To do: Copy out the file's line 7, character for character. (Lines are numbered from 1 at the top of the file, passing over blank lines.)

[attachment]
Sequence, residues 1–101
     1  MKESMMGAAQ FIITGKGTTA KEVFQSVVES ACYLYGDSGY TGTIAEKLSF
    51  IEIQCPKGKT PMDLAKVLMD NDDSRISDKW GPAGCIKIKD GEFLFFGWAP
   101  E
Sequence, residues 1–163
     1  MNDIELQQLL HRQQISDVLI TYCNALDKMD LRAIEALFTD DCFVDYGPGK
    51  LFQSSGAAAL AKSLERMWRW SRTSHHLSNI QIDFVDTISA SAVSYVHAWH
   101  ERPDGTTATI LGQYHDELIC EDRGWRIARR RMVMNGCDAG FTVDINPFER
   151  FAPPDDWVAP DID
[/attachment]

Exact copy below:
    51  LFQSSGAAAL AKSLERMWRW SRTSHHLSNI QIDFVDTISA SAVSYVHAWH